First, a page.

Battery Maintenance Tips From George's Wholesale Tire & Auto
Posted December 10, 2017 12:54 PM
When it comes to your vehicle, it all starts with the battery. Proper battery maintenance is important for two reasons:
First, your vehicle won't start or run without it. Second, it is the key to the long life of your auto electrical system. If your battery isn't working efficiently, your alternator has to work overtime to make up for it, and other electrical components can suffer as well.
A number of years ago sealed batteries were introduced to the local Spring Hill, Florida, market. They were hailed as being 'maintenance-free batteries.' While it is true that you can't get in and adjust the electrolyte levels of a sealed battery, it is by no means maintenance free.
Batteries are very sensitive to changes in the weather around Florida. Temperature really affects auto battery performance. A battery inspection is an important part of your spring and fall checkups. Next time you're under your hood, take a look at your battery.
- Is it clean and free of residue? A dirty battery will drain.
- Is there corrosion at the terminals where the battery cables attach to the battery? If there is, the corrosion can interfere with how efficiently electricity passes back and forth from the battery.
- Are the cables loose? Make sure they are tight.
- Are the cables themselves corroded? Corrosion can actually eat through the battery cables.
George's Wholesale Tire & Auto service advisors can inspect and test your battery. If the inspection warrants a cleaning, have it done. If the battery test indicates that replacement of the battery or cables is in order, you will be lucky to have caught the problem before it becomes a major inconvenience.
Your battery will also last longer if you keep your fuel system and ignition system clean. It's all part of your commitment to regular maintenance, to keep your vehicle running on Spring Hill streets at its best for a long, long time.
Battery Basics for Spring Hill
Posted June 24, 2015 12:00 PM
It's important for Spring Hill drivers to know battery basics. First, let's talk about which is harder on a battery – hot or cold Florida weather. Most Spring Hill area drivers think it's cold weather because that's when we call on our batteries to have enough power to start a cold vehicle engine.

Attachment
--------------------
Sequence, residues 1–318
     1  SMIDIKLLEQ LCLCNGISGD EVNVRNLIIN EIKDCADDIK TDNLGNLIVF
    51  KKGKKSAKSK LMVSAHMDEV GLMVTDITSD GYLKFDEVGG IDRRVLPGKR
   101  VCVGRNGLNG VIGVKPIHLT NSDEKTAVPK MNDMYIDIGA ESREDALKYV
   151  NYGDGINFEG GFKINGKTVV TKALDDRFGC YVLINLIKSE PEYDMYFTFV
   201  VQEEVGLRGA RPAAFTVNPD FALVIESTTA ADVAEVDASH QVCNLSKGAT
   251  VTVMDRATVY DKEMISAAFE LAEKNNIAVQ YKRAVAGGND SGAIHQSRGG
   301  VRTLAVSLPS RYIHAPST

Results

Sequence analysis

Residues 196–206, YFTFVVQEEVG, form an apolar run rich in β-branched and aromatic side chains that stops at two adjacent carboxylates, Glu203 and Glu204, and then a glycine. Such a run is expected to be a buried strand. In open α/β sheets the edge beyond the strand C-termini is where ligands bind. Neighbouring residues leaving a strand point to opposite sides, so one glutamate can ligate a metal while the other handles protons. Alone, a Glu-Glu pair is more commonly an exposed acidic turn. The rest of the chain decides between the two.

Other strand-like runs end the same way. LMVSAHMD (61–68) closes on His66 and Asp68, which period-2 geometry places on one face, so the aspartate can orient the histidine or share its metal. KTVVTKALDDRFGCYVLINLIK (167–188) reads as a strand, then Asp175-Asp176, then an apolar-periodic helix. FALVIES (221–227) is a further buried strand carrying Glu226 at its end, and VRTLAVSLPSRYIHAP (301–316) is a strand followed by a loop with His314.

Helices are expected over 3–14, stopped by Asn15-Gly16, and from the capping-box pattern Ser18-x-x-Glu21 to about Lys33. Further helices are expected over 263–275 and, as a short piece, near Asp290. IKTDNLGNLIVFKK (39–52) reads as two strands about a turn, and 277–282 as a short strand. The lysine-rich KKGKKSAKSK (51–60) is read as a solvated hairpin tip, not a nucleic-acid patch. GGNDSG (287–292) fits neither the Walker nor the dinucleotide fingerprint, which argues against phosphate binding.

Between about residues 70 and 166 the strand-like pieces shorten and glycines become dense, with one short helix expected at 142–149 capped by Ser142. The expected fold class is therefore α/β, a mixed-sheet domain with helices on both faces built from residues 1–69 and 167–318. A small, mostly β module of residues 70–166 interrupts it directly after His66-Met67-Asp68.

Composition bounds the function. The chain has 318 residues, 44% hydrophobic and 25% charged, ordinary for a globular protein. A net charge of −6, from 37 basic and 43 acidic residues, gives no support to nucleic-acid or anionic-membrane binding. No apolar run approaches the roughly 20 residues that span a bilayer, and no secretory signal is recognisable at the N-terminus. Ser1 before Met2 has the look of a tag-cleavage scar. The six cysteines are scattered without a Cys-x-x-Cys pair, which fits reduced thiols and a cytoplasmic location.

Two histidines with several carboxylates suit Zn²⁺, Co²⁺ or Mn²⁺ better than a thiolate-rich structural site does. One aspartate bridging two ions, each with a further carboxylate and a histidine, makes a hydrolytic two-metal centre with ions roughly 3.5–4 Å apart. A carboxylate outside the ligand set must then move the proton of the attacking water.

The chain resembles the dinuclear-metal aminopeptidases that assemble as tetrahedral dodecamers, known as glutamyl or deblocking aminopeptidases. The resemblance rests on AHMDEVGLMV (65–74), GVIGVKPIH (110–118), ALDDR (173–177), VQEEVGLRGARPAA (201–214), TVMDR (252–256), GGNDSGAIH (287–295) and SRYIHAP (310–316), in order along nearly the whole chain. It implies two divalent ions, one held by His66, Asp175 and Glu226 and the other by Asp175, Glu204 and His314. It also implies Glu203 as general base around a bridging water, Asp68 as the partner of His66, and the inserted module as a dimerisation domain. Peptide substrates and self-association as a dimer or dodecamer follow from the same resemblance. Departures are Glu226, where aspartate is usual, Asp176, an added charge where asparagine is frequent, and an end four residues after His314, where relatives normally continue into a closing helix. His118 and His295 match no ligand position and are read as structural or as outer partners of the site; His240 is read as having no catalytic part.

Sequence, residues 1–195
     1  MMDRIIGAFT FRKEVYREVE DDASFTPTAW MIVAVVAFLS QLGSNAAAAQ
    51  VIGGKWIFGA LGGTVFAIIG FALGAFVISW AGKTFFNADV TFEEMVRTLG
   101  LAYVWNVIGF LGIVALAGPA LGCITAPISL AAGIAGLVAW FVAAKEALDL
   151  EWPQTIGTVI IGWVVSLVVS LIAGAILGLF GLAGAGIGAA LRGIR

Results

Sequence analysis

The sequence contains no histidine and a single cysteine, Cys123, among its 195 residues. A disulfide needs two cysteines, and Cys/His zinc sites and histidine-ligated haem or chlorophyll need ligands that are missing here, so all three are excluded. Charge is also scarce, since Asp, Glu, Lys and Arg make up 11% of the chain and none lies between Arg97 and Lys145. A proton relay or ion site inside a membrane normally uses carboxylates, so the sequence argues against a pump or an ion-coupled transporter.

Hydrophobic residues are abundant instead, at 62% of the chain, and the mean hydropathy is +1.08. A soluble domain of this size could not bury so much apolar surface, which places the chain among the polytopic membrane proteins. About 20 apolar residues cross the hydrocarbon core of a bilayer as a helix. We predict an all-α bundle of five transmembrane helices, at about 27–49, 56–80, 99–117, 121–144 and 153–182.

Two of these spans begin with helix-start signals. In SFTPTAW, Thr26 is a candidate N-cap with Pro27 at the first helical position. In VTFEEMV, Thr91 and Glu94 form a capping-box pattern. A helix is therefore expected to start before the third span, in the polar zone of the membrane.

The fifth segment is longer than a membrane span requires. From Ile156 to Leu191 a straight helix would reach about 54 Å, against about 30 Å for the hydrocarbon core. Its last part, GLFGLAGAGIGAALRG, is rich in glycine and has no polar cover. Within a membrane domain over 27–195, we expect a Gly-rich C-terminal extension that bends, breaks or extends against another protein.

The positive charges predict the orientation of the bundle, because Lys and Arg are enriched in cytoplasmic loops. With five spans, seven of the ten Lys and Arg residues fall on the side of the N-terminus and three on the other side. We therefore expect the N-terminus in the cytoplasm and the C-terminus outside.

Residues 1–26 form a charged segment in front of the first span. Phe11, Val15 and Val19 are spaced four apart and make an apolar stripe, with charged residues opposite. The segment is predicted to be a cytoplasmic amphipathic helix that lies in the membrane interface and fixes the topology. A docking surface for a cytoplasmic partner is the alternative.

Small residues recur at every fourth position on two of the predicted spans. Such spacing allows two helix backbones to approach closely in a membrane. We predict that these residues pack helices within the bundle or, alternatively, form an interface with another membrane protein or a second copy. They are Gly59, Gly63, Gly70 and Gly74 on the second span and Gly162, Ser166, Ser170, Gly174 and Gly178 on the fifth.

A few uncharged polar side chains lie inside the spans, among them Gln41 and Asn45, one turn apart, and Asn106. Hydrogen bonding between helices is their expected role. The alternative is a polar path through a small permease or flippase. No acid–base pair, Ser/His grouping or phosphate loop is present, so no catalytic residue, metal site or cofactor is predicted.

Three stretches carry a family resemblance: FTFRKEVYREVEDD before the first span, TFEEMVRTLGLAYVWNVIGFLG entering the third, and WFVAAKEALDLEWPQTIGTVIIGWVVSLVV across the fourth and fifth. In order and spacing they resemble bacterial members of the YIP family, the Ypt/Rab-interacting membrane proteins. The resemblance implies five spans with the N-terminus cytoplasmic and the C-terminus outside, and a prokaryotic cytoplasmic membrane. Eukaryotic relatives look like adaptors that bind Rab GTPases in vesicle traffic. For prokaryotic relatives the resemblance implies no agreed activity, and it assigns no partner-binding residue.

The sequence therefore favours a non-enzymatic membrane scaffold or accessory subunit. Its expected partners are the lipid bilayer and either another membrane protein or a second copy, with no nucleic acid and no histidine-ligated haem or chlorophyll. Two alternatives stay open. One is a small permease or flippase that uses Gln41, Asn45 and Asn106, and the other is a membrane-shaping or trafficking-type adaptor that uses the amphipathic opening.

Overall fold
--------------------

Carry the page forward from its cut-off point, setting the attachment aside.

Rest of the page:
However, heat does more damage to a battery than cold. Truth is, our batteries start to die a little from day one. Keeping a full charge slows the process, which is hard with short Spring Hill trips because the alternator doesn't have time to fully recharge the battery from starting the engine. Spring Hill drivers can top off the charge with a computer controlled battery charger – say, once a month in the summer and every three months during the winter.
As far as how long a battery will last, statistics show that 70% have given up the ghost within four years. By that time, they aren't capable of taking a full charge like they used to, and your vehicle alternator has to work overtime to keep up. This causes your alternator to wear out early.
If you're pushing 4 to 5 years on your battery, see your friendly and knowledgeable George's Wholesale Tire & Auto service assistant for a battery test to see if it's recommended to replace it. Not only can you avoid getting stranded with a dead battery on a Florida road, but you'll save unnecessary wear and tear on your vehicle alternator.
Give us a call.
George's Wholesale Tire & Auto
322 Suzanne Avenue
Spring Hill, Florida 34607
Make Your Battery Last
Posted March 25, 2015 12:00 PM
Today's report from George's Wholesale Tire & Auto is on vehicle batteries, why they die and what we can do to lengthen their life. Most of us have had a dead battery at one time or another. In fact, it would be very unusual if you hadn't. You may be surprised to learn that only 30 percent of Spring Hill vehicle batteries last for 48 months.